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Philadelphia Union provide blueprint to match LAFC

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Teams play styles that face off well together.

MLS: Philadelphia Union at Los Angeles FC Jayne Kamin-Oncea-USA TODAY Sports

If Los Angeles Football Club have to face the Philadelphia Union again in 2020, watch out.

The teams are in opposite conferences, so Sunday’s wild 3-3 draw is likely to be their only meeting of the season, unless they square off in the U.S. Open Cup or MLS Cup. And if they meet there, the stakes will be sky-high.

It’s a small sample size, but after LAFC and the Union have faced off to two straight draws, one at each team’s venue, there’s a few clear conclusions to draw from their meetings.

Above all, these teams play styles that are complimentary enough that it’s a little like playing a mirror image, and that’s a little unusual in MLS.

Both Bob Bradley and Philadelphia head coach Jim Curtin use a fast, attacking style with a high press, aiming to win the ball back quickly and take over as fast as possible. While Bradley’s style isn’t totally unique, with more and more teams integrating parts of his current preferred style, most teams do not try to play as fast or press as hard as LAFC, and that gives LAFC opportunities to boss games when they get in a rhythm.

From there, the specifics of the teams’ styles diverge a bit. Bradley prefers short passing combinations, with good buildups preferred, and if that doesn’t work, get the ball to Carlos Vela in space and let him do his thing. In contrast, Philly don’t have the star power of LAFC — Alejandro Bedoya is arguably their biggest star, and he’s a good system midfielder, not a scoring superstar — but like LAFC, they’ve built a squad of complimentary parts and the results are coming together.

The big wrinkle Curtin used against LAFC is a pretty obvious one: Use the two target strikers in a 4-4-2 to hit balls over the top or in space and let them run at LAFC’s creaky defense. Even if we agree Dejan Jakovic has been outperforming expectations so far, he’s not fast, and so going after the middle of the defense again and again and wait for them to fail to cover and clear was a prudent strategy.

You can see this to an extent on Philly’s final goal, which didn’t even come in transition. Union GK Andre Blake, who was clearly hurt on taking goal kicks and winced every time he did one in close-up on the broadcast, still managed to punt one way upfield with LAFC semi-set in a mid-block, with a flick-on giving Philadelphia possession just outside LAFC’s box. From there, a solid buildup and a couple half-chances with LAFC’s emergency defending coming through led to Brendan Aaronson taking a well-worked goal in miles of space in the box.

One of Philly’s strikers, Sergio Santos, scoring early meant LAFC had to be honest in defending him and Kacper Przybylko. Philly punting balls over the top meant LAFC were run ragged, and by the time Aaronson scored LAFC were in 2018 defensive mode, liable to concede at any moment and seemingly unable to get a handle on the game.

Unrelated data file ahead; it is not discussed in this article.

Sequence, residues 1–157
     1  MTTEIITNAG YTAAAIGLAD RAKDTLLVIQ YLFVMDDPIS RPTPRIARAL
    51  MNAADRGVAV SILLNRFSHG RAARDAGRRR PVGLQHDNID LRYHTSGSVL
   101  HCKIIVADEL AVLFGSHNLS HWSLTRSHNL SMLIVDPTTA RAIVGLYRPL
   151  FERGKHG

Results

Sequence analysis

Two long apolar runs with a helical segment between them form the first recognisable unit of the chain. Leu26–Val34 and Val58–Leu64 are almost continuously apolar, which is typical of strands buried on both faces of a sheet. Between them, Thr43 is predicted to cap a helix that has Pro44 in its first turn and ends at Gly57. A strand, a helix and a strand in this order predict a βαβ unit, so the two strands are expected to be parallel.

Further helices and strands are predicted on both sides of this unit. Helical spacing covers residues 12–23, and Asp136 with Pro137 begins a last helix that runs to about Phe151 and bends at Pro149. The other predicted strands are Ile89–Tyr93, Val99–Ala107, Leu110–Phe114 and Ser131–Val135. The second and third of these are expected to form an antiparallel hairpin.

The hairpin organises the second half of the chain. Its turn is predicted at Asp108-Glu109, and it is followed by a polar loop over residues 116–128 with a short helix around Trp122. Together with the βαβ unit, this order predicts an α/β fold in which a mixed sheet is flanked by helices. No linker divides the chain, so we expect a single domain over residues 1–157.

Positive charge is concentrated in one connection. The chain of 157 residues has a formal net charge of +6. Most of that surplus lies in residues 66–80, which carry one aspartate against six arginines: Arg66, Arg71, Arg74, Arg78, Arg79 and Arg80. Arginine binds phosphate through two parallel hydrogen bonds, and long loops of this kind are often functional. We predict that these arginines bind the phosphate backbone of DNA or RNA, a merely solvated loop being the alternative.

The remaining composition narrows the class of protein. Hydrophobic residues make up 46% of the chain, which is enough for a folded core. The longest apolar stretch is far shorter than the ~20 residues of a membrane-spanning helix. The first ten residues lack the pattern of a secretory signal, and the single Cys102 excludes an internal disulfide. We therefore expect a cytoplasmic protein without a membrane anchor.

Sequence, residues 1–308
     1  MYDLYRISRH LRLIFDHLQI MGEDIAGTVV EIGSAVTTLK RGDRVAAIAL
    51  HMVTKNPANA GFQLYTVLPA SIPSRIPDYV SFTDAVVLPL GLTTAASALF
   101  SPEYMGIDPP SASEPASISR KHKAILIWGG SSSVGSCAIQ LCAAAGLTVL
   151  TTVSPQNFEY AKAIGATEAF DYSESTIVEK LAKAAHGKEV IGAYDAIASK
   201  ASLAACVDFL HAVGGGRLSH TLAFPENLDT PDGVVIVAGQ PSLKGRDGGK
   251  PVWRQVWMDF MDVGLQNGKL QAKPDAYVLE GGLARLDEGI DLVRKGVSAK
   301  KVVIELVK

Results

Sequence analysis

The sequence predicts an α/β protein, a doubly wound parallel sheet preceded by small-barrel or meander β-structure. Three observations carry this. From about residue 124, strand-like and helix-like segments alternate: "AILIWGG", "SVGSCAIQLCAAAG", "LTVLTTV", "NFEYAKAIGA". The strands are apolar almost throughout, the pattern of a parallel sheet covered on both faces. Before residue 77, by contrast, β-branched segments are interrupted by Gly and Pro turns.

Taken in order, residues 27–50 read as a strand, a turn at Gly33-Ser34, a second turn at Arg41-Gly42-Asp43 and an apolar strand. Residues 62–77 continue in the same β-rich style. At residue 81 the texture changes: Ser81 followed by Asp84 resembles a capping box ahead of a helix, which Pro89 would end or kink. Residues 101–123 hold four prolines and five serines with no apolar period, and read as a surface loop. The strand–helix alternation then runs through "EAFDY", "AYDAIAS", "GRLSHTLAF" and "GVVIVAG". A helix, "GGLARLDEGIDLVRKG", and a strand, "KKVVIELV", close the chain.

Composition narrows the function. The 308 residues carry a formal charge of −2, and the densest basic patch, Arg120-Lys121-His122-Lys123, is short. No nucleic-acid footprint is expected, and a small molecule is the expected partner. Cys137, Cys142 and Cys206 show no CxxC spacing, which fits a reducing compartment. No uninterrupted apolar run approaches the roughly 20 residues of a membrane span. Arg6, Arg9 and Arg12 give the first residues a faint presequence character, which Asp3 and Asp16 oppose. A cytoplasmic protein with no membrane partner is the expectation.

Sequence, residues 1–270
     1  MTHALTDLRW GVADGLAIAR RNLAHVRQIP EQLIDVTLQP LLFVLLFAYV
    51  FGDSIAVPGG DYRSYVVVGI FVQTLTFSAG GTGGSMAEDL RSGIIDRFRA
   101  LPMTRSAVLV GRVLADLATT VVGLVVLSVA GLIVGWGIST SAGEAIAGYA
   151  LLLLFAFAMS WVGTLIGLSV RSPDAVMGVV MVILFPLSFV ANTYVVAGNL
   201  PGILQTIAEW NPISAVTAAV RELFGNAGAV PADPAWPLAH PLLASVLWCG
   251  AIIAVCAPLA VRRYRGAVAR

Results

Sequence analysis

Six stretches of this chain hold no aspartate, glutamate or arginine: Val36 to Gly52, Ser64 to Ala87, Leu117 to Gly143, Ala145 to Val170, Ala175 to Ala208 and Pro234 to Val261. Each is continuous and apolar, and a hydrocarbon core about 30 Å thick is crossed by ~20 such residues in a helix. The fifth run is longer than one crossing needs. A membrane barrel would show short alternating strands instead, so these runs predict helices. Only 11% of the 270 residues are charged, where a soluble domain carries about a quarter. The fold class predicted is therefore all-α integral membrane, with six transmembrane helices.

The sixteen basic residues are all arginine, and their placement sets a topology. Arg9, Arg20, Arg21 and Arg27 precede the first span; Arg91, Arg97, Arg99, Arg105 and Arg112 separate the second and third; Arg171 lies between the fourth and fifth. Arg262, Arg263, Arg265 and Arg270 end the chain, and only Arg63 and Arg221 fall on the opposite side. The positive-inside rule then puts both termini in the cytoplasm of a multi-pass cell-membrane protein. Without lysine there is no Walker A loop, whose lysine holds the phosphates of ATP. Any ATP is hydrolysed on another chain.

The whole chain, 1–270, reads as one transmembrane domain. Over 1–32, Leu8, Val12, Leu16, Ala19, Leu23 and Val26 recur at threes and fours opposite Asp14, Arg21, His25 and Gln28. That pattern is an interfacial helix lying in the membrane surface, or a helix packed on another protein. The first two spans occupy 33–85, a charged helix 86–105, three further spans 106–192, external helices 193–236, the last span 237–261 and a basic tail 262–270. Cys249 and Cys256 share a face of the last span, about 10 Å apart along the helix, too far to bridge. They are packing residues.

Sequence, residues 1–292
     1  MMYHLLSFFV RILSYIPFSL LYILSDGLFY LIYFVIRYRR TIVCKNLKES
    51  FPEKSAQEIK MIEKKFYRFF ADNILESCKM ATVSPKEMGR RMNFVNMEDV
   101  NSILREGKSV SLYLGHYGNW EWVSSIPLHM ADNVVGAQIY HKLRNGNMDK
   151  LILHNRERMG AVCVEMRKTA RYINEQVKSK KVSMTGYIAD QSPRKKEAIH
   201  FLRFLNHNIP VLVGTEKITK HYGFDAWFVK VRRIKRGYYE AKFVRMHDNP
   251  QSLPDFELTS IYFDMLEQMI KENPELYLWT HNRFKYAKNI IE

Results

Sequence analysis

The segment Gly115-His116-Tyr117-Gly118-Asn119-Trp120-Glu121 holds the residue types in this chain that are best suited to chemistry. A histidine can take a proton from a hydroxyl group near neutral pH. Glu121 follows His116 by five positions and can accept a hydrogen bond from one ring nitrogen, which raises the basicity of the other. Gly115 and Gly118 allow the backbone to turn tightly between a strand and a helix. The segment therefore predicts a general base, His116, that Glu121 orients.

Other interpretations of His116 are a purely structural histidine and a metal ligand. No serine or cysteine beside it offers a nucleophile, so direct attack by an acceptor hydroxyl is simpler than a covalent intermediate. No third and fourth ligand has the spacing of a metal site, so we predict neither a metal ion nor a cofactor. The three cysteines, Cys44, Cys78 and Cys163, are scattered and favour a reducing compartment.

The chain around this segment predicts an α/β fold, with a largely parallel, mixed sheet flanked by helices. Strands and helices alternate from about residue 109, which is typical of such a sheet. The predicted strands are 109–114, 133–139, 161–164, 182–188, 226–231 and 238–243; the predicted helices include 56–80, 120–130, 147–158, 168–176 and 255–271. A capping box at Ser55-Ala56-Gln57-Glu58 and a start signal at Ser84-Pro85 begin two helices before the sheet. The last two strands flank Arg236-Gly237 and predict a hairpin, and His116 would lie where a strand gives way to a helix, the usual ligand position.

However, while time will tell if this frantic defensive style is a full regression to the 2018 LAFC team, one that led to more than a few dropped points, I would argue the Union are probably one of the toughest matchups for LAFC, too. They may be uniquely suited to make the black-and-gold look vulnerable.

Bradley didn’t say anything to that extent, but he admitted the Union’s “Red Bull” style (as in, one favored by the New York Red Bulls, RB Leipzig and Red Bull Salzburg as a group system) is a different look than what LAFC normally faces.

“Red Bull teams only play one way, ok, they play the ball forward, they don’t try to play from the back, so your ability to press them can only be on counter-presses. Then they’re going to try and flick balls and run, the whole bit. I still think we handled those things well and we created a lot of chances. So, the kind of game was exactly what we expected,” Bradley told reporters after the game.

He also conceded something that runs counter to LAFC’s typical style — they needed to slow down more against Philadelphia to better find the game.

“Fast game, a lot of transition, we created a lot of chances but in moments when we needed to be more precise and find smart ways to slow the game down, take time to make sure and to get a play right, we weren’t good enough in those ways and then it’s never good to give up three goals,” he said.

All in all, the draw is one that does offer some concern for LAFC — giving up three goals at home is not good, as Bradley notes — but between the matchup and the styles on display here, it may be a rather unique problem for LAFC, facing the Union. The style they play is not something other teams can spend a couple days in training to prepare for and roll out, it’s something a team has to fully commit to and work on over a long period. Not even the New York Red Bulls play a “pure” version of this style these days.

But elements of what the Union did on Sunday, such as playing as high a tempo as LAFC, testing their defense with long balls, and generally aiming to match their intensity, are things other teams can work on and try to implement against LAFC. We saw this work very well with the Seattle Sounders in the playoffs last year, even though their playing style is not at all like the Union’s, but the tactics used were strikingly similar. As a result, Sunday’s draw will give LAFC lots to chew on in the video room this week and moving forward, but the same is true of their opponents, and it could come down to if LAFC can fully find their form and get back to peak sharpness again, or if their vulnerabilities will become a season-long issue, after the Union showed the league how LAFC can be matched.

What do you think? Leave a comment below!